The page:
Examining issues in the death penalty system. Brought to you by the Death Penalty Information Center, a non-profit organization serving the media and the public with analysis and information on issues concerning capital punishment.
Rethinking Public Safety, A Conversation with Executive Director of Fair and Just Prosecution, Miriam Krinsky
In the third episode of the Discussions with DPIC podcast’s Rethinking Public Safety series, Miriam Krinskyspeaks with DPIC Senior Director of Research and Special Projects Ngozi Ndulue about her experiences as a former federal prosecutor and the Executive Director of Fair and Just Prosecution (FJP), a network of elected prosecutors devoted to promoting fairness, equity, compassion, and fiscal responsibility in the criminal legal system.
Krinsky and Ndulue explore a range of issues during the podcast, including the injustice of the death penalty, the power of prosecutors to create change, the evolving relationship between prosecutors and law enforcement, the importance of transparency and public accountability, and myths about public safety. “In my mind,” Krinsky says, “eliminating capital punishment improves public safety.”
Capital Defense Lawyer Marc Bookman Discusses His New Book and the Systemic Defects that Have Sent the Death Penalty into 'A Descending Spiral'
The July 2021 episode of Discussions with DPIC features a conversation between DPIC Executive Director Robert Dunham and Marc Bookman, the co-founder and Executive Director of the Atlantic Center for Capital Representation (ACCR), regarding his critically acclaimed new book, A Descending Spiral: Exposing the Death Penalty in 12 Essays.
Bookman and Dunham explore a wide range of systemic death-penalty problems addressed in the book, which was released in May 2021. The topics include mental illness, racial injustice, judicial and juror bias, ineffective representation, and prosecutorial misconduct.
Rethinking Public Safety: A Conversation with Former Nevada Prison Doctor, Dr. Karen Gedney
In the second episode of DPIC's Rethinking Public Safety series, DPIC Managing Director Anne Holsinger interviews Dr. Karen Gedney about her 30-year career as a doctor in the Nevada prison system. Dr. Gedney speaks about how prison conditions affect the physical and mental health of prisoners, how prison bureaucracy determines the quality of care that prisoners receive, and how executions take a toll on prison staff. She tells the story of her refusal to write a prescription for execution drugs in 1989, believing that doing so violated her duty to provide medical care to prisoners. Today, Dr. Gedney is an advocate for the abolition of the death penalty, and she explains how her career influenced her views on capital punishment.Content warning: This episode includes a brief mention of sexual assault.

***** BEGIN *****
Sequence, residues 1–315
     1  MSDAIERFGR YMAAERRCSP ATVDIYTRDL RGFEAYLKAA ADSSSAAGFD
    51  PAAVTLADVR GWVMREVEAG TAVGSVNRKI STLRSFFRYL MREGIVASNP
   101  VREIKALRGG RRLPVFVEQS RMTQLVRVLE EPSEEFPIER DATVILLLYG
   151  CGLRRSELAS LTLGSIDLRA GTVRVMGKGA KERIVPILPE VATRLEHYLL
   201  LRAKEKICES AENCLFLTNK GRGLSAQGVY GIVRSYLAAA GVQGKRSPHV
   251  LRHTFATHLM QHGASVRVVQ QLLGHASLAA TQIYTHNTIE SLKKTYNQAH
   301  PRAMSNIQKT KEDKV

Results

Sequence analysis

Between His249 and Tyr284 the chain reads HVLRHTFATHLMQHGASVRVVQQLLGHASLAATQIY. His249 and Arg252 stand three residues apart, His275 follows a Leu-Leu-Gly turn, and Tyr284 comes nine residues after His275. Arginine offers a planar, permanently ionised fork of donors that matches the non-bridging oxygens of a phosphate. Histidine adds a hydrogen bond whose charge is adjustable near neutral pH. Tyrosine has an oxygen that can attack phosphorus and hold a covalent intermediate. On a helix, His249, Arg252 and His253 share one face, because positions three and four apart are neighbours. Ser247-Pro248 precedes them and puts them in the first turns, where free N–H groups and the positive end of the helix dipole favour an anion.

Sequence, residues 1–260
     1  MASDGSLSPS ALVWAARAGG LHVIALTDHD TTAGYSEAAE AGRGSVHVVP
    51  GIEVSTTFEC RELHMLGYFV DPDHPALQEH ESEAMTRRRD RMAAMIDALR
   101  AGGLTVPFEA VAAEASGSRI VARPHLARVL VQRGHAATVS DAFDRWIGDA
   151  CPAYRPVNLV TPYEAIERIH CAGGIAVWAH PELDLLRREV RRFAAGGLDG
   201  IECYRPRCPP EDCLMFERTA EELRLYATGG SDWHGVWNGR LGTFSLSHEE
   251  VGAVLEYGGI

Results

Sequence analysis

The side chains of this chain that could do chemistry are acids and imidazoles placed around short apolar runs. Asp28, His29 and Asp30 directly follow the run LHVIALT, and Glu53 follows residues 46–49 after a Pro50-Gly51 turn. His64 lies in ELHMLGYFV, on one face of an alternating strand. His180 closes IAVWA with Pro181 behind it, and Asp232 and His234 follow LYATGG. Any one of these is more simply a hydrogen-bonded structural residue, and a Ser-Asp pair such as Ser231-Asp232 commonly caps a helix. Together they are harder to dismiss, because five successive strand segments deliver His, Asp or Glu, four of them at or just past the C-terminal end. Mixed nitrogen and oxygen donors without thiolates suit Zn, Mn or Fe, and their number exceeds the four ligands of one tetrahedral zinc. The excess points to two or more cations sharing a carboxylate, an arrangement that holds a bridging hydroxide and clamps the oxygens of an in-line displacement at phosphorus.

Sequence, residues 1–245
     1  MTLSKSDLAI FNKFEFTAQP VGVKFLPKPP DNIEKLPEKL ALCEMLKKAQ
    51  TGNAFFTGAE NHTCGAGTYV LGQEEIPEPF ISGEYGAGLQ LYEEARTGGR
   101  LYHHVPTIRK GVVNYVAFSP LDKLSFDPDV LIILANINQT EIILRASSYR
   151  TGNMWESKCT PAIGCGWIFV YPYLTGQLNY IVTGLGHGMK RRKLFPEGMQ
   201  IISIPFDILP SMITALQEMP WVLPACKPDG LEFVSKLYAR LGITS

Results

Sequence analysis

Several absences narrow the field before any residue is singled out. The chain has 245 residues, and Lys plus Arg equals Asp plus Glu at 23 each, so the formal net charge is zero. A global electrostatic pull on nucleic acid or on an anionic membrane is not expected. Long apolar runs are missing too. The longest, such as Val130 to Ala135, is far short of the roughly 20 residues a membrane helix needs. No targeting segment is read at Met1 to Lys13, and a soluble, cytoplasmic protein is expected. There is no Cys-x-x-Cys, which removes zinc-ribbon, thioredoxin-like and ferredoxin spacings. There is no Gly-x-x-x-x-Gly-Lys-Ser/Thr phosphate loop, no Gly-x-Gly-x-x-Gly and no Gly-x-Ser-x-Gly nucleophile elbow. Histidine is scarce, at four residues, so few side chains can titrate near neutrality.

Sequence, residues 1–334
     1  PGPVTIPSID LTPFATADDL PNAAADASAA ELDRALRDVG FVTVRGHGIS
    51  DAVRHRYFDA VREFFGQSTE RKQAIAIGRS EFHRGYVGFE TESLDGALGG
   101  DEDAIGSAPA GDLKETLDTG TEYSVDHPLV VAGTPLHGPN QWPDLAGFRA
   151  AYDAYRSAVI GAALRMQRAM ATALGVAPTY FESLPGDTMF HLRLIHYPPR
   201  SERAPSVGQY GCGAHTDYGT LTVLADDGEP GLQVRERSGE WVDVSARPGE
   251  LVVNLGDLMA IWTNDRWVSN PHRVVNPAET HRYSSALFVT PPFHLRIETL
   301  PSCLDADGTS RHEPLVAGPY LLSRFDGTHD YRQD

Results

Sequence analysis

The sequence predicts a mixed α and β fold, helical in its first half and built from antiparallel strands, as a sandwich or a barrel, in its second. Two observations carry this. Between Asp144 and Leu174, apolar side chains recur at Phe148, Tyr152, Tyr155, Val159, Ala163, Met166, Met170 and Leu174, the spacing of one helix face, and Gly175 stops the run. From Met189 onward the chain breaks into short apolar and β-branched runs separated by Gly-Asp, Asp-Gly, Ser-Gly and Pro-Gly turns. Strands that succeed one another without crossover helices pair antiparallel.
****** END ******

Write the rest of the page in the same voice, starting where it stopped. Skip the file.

Rethinking Public Safety: A Conversation with Former Ohio Attorney General Jim Petro
The April 2021 episode of Discussions with DPIC features the first episode of DPIC’s new podcast series, Rethinking Public Safety. These episodes will feature interviews with public safety officials, discussing the evolution of their views on capital punishment and how their experiences in various public safety fields influenced their thinking. The first episode is a conversation between former Ohio Attorney General Jim Petro and DPIC Senior Director of Research and Special Projects Ngozi Ndulue. Petro describes how learning about wrongful convictions and the high cost of the death penalty changed his views on capital punishment. As a state legislator, he supported a bill to reinstate Ohio’s death penalty after the U.S. Supreme Court struck down the state’s previous capital punishment statute. Later, as Ohio Attorney General, he supervised 19 executions in the state. Since then, his views have changed and he now supports repealing the state’s death penalty.
Ethical-Design Advocate Raphael Sperry on Why the American Institute of Architects Banned Members From Designing Death Chambers
In the March 31, 2021 podcast episode of Discussions with DPIC, managing director of DPIC, Anne Holsinger, and Raphael Sperry, president of Architects/Designers/Planners for Social Responsibility (ADPSR), discuss the American Institute of Architects’ (AIA) new ethics policy prohibiting members from designing execution chambers and death-row solitary confinement cells. “Architects have been complicit in human rights abuse by designing execution chambers in the United States and spaces for solitary confinement,” Sperry explains. “We need to take responsibility and taking responsibility means stopping doing these bad things.”
Carine Williams of the Innocence Project Discusses Death Penalty, Innocence, and ‘the Function of Freedom’
In the March 2021 edition of Discussions with DPIC, Death Penalty Information Center Senior Director of Research and Special Projects Ngozi Ndulue is joined by Carine Williams — the Chief Program Strategy Officer at the Innocence Project — for a conversation about innocence, the death penalty, and “the function of freedom.” Reflecting on the gross miscarriage of justice exhibited in wrongful convictions and exonerations, Williams stresses two critical themes: death is irrevocable and ending the death penalty is simply not enough.
I was so excited to find this as a justice reform advocate and someone who was victimized by abuse of power in the legal system. I try to stay educated and vocal for change, however, the episodes seem to cut off mid conversation and star over again and again. I can’t seem to get through an episode! I’m so disappointed!
Most of the episodes randomly cut out and start over. I was really excited when I found this, but it doesn’t work at all.